Is Asset Management the Weak Link In Your Cyber Program?

A chain is only as strong as its weakest link and all too often, seemingly effective cybersecurity programs suffer from a fatal flaw, ineffective IT asset management practices (ITAM).

You simply cannot protect the assets you do not know about.

In IT speak, an asset is data, people, process, or technology, all of which represent an investment by the organization. Assets like hardware have intrinsic value and others have operational value – some assets have both.

In addition to being value-laden business enablers, assets are under constant threats to confidentiality, integrity and availability based on their individual risk profile, which must be periodically evaluated.

Every organization must determine the number, type and complexity of assets required for their specific business operations. Once they’ve done so, those assets must be managed effectively and proactively from cradle to grave. This is sometimes referred to as positive asset management.

Positive asset management is . . .
. . . knowing and documenting where your assets are – today.
. . . knowing and documenting who is authorized to use each asset and denying all others.
. . . not limited by the lack of a special-purpose, technical asset management platform.
. . . knowing what level of risk to assign to each asset based on criticality and sensitivity and ensuring it’s protected accordingly.
. . . an enabler to organizational planning and budgeting.

Positive asset management is not . . .
. . . guesswork and supposition.
. . . scanning your network periodically to create a new asset list.
. . . the exclusive realm of your Finance department’s ERP depreciation tracking module.
. . . delegating accountability for the asset to the last known recipient.

ITAM practices often fall prey to, “perfect is the enemy of good,” as organizations believe a dedicated asset management solution is required and blame insufficient budgets rather than neglectful practices. While a dedicated ITAM platform would be helpful, it’s not necessary. Existing endpoint management solutions including anti-malware and IT service management (ITSM) platforms often have basic asset tracking capability that can serve as the core or baseline for effective practices.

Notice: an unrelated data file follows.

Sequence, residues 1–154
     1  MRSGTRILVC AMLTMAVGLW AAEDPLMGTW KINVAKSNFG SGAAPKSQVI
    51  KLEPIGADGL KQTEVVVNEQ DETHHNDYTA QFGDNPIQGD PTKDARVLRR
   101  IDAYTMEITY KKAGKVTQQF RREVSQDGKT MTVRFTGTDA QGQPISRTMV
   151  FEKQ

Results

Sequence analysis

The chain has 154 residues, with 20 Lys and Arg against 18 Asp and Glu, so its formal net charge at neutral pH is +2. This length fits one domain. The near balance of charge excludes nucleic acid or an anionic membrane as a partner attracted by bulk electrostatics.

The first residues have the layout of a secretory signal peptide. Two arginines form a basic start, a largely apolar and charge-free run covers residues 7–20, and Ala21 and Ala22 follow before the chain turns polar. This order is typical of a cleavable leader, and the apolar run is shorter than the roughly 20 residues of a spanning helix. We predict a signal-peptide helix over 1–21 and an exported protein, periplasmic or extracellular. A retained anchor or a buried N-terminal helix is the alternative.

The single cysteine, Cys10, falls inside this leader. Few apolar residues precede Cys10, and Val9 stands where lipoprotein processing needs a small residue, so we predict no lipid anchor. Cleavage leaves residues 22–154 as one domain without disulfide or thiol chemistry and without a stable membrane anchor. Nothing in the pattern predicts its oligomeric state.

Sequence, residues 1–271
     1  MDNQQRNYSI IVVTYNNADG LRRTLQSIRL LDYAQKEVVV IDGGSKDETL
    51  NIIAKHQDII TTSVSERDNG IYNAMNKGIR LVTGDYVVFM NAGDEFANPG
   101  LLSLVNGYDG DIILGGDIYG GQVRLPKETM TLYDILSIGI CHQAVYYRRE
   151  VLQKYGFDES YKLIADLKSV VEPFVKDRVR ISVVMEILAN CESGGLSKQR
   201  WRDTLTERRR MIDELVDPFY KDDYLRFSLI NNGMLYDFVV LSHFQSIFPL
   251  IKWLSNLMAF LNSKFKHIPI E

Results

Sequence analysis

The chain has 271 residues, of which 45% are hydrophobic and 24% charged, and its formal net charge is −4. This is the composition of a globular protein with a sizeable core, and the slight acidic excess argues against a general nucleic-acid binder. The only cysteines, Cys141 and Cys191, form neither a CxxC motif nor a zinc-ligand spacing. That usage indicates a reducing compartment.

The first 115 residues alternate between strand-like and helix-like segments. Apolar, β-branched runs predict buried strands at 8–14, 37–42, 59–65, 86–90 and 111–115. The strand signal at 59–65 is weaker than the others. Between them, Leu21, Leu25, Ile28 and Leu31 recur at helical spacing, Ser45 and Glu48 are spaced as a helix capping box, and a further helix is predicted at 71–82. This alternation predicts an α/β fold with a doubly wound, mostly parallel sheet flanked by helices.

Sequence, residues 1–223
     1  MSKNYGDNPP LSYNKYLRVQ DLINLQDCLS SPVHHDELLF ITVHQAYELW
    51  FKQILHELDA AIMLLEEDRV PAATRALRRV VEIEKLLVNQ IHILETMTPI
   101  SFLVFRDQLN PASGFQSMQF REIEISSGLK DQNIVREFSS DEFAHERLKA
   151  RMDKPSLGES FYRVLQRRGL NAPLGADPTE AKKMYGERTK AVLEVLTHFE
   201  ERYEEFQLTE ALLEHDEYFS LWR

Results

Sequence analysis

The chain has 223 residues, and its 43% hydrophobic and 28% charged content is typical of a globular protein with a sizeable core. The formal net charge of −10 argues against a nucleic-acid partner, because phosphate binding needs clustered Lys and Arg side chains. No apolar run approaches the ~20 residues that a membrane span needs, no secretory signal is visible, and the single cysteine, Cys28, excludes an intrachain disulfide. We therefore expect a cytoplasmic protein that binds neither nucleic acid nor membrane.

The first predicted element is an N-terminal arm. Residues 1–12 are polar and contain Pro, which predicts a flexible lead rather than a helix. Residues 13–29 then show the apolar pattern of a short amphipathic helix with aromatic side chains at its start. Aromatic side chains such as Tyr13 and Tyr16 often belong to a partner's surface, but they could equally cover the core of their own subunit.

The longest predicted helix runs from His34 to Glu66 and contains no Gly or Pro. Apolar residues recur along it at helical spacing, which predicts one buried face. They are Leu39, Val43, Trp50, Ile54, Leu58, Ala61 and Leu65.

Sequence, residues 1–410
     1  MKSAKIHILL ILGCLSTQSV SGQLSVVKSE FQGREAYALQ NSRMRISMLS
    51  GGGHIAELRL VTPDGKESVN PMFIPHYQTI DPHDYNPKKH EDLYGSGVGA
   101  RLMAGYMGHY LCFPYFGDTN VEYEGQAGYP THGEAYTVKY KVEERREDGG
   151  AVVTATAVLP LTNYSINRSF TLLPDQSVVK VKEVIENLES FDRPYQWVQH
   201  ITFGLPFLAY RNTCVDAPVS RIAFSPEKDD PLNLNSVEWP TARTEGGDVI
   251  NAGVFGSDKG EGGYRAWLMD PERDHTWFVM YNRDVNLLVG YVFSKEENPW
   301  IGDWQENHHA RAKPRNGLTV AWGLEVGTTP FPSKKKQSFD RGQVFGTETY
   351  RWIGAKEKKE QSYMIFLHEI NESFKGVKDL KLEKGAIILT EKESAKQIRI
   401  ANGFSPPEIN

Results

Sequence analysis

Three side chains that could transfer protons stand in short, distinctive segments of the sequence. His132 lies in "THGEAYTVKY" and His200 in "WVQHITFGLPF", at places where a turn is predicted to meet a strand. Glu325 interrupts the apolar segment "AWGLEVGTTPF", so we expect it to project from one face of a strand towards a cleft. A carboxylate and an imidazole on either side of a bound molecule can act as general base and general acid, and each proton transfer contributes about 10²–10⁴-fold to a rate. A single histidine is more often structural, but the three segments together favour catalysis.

Instead of waiting for a budget windfall and depending on the organization’s size, you can make use of simple tools like Excel for asset tracking and pair it with a well-documented ITAM procedure. Use every technician-to-end-user touchpoint as an opportunity to update the inventory list. If an asset hasn’t been seen in a set number of days, ask a technician to investigate.

Asset tracking should include at least the following fields:
-Date Placed in Service
-Asset Name
-Device Type
-Serial Number
-Operating System
-Primary or Authorized Users

One especially tricky asset class is ephemeral assets, which are created and destroyed as they are needed. Ephemeral assets may exist for seconds, minutes, hours or days and often include microservices, containers and virtual machines in on-premise or cloud environments. The obligation to manage an asset is not proportional to its lifespan but I often hear this invoked when referring to ephemeral assets. These assets should be managed similar to any other asset including creating a record of their creation and by whom, application of hardening measures such as anti-malware and patch application, a record of authorized users and their eventual secure destruction.

Asset management is a foundational component of an effective cybersecurity program. Organization’s that lack sufficient ITAM will find themselves more vulnerable to threats, ill prepared if a cyber incident should occur, failing to achieve availability targets due to outages from aging equipment or overspending on asset replacement.

To learn more about effective asset management practices for your cybersecurity program, please contact me.

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